The sweet aroma as you approach the little red-roofed chalet signals fresh pastries straight ahead. But these aren’t just any baked goods. They’re a giant, deep-fried delicacy called BeaverTails, and they’re as symbolically Canadian as the buck-toothed rodent they’re named after.

They’re not real beaver tails, of course (although a smaller number of people eat those as well). This BeaverTail is a ball of whole-wheat dough that’s hand-stretched into a long, flat oval — the same shape as its namesake. It’s then deep-fried in canola oil and served piping hot in a paper sleeve. The traditional version is sprinkled with a mix of sugar and cinnamon, but you can also slather your pastry with toppings like chocolate hazelnut spread, maple cream, crushed chocolate bars or cookies, fruit, and even another Canadian classic — poutine.

BeaverTails can be as national or as local as you want, the latter paying homage to Canada’s regional food specialties. In Vancouver and Whistler on the west coast, for example, you can top the deep-fried dough with fresh salmon, cream cheese, and capers. At Mont-Tremblant Ski Resort near Montreal, there are steak tails and ham-and-cheese tails, both a tribute to Montreal’s famed smoked deli meats. There’s even a decadent lobster tail in the east coast city of Halifax.

BeaverTails are so iconic they’ve popped up as nods to Canada on television shows like Jeopardy and South Park and in the board game Trivial Pursuit. There’s even an ObamaTail, which was created specifically for President Barack Obama during his trip to Ottawa during his first official trip to Canada in 2009. For the record, his pastry was topped with cinnamon, sugar, and a large chocolate and maple-syrup-flavored “O.”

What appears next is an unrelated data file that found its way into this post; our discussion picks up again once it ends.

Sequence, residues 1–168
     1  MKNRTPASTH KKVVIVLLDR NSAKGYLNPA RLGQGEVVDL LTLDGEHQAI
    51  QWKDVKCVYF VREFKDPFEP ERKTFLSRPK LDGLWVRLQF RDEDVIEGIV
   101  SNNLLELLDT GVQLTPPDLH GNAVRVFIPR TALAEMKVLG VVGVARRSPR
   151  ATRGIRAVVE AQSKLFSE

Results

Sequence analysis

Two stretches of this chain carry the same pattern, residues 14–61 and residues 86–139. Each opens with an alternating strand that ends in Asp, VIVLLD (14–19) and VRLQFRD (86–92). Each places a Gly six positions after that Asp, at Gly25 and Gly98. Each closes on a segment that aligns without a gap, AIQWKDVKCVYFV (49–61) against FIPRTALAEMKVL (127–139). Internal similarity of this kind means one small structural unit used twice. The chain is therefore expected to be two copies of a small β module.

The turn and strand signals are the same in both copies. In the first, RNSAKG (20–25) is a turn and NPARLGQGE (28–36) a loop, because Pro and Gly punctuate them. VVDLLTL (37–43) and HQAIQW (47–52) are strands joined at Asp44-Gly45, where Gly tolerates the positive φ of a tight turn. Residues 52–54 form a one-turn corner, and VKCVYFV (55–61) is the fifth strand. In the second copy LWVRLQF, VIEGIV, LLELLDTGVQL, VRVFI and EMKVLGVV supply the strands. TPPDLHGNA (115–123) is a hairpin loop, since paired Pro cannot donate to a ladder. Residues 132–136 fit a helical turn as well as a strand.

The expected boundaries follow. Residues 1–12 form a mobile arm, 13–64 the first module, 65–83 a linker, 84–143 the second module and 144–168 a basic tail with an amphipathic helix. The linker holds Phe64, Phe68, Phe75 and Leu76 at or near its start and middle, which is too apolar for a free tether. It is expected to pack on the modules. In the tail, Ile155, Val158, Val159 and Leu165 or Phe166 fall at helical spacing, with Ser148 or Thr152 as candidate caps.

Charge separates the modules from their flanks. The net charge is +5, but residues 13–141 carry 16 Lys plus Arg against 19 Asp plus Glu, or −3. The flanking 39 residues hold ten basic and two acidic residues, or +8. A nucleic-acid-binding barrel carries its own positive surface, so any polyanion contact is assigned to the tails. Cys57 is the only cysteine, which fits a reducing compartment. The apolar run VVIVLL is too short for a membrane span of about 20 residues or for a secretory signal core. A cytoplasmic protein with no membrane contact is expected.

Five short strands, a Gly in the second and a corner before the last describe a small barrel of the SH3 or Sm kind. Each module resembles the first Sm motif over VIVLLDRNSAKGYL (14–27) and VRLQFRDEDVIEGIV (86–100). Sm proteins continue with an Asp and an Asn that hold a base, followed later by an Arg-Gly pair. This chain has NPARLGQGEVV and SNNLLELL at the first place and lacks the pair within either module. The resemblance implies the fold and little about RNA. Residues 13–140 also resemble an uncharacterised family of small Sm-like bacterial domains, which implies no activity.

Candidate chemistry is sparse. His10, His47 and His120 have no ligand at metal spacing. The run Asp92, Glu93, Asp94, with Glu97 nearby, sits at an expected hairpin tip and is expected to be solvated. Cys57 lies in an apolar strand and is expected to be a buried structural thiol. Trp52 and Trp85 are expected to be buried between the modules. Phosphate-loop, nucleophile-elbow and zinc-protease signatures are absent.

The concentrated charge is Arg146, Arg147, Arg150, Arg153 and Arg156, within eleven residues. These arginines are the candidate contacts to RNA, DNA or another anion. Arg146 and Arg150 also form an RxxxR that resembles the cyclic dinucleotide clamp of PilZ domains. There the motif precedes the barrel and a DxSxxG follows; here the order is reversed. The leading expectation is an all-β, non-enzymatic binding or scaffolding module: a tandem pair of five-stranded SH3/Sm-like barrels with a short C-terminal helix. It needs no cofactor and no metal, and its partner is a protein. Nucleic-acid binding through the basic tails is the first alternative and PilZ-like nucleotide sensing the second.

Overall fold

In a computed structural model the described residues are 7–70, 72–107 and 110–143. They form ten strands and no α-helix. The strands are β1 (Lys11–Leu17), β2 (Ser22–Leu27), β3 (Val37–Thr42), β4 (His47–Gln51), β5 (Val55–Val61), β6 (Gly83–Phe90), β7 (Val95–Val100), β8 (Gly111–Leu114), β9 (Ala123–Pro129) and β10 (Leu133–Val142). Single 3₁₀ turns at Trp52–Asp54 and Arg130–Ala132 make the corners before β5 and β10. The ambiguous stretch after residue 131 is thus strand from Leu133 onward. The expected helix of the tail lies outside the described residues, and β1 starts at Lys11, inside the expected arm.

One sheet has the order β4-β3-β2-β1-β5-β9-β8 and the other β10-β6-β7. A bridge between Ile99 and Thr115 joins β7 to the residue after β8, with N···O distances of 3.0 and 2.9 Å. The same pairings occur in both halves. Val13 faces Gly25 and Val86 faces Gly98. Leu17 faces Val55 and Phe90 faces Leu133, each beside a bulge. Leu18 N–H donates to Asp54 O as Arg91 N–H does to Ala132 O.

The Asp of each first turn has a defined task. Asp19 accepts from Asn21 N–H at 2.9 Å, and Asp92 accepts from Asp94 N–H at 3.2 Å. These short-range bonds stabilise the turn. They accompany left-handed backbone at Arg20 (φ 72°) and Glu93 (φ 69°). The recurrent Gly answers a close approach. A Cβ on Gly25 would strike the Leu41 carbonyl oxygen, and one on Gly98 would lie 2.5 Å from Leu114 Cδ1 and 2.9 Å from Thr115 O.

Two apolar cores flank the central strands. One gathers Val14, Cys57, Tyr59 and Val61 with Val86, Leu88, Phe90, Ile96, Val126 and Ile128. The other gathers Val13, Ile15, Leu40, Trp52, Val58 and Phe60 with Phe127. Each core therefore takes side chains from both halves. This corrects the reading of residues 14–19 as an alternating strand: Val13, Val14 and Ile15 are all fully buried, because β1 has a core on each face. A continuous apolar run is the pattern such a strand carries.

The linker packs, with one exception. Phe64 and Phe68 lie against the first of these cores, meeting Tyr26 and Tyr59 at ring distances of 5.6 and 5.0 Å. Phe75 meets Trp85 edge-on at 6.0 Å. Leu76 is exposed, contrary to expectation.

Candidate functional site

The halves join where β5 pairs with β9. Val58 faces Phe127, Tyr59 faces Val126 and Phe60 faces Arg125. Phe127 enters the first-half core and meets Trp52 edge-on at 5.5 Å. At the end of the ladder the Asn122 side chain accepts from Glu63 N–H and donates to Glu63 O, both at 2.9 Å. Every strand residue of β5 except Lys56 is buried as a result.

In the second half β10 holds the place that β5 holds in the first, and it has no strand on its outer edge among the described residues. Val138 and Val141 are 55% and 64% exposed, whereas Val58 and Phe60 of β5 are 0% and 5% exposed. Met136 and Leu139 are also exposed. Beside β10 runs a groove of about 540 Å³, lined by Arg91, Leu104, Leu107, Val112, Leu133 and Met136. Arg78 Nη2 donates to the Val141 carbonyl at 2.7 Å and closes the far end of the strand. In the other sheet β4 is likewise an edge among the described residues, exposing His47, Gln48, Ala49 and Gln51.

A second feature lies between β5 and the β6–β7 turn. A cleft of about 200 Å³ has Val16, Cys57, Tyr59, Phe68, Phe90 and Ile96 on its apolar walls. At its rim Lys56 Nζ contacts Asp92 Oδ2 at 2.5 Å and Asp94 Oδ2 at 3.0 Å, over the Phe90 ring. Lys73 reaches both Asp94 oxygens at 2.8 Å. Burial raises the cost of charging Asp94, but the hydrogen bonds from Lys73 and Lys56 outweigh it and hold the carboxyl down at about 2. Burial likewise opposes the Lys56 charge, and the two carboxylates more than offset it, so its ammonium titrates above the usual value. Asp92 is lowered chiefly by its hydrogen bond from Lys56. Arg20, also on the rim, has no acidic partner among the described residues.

The gooey goodness started in 1978 when Grant Hooker and his wife Pam began selling the classic version of their pastries at a local community fair near Ottawa. According to Grant, the recipe came from his German-Canadian grandmother who called them “keekla.” He says she would make the treats for breakfast and top them with either sugar and cinnamon, butter and jam, or butter and honey.

When the couple’s daughter observed that the oblong pastries looked like beaver tails, a light bulb went off. After all, beavers are Canada’s national animal and are even featured on Canadian currency. The Hookers renamed their treats “BeaverTails,” and the rest, as they say, is history.

Photo: pho.stories/Shutterstock

The Hookers opened their first shop two years later in Ottawa’s historic ByWard Market. In the winter, they also sold their pastries along the landmark Rideau Canal, which is home to one of the world’s longest outdoor ice skating trails. The sugary snack was a hit with skaters, who welcomed the quick burst of energy and warmth.

Visitors and local residents alike fell in love with the BeaverTail’s crisp-yet-chewy texture and doughnut-like flavor. Word spread, and over the years so did the number of franchises. Four decades later, you can find BeaverTails kiosks and food trucks in more than 140 locations worldwide. They’re sold in high-traffic tourist spots across Canada, from Niagara Falls to the Toronto waterfront to the mountain resort town of Banff. There are also franchises in the US, Mexico, France, the United Arab Emirates, and Japan. BeaverTail popularity far surpasses its Midwestern US counterpart, the Elephant Ear, which is essentially a less oblong (but equally large) piece of fried dough.

Photo: Richard Frazier/Shutterstock

BeaverTails have come a long way since that first shack. Every year, nearly 50 tons of chocolate hazelnut spread is used to make BeaverTails. According to the company, if you lined up every BeaverTail sold since 1978 it would stretch longer than the length of Canada. A mascot called Beav (that’s far less creepy than Gritty) has traveled more than 30,000 miles to spread the word about BeaverTails around Canada.

BeaverTails are as Canadian as poutine and Tim Hortons. It doesn’t really matter how you eat a BeaverTail, it just matters that you do. That said, there are a few things to keep in mind. First, the ideal technique is front to back (or back to front). Side to side will leave you with a long, skinny, floppy piece of pastry that’s hard to hold. You might be tempted to roll them up, but according to Grant Hooker, that’s going to hit your stomach too fast. Whichever way you choose to eat them, just be sure to grab a couple of paper napkins — you’ll need them.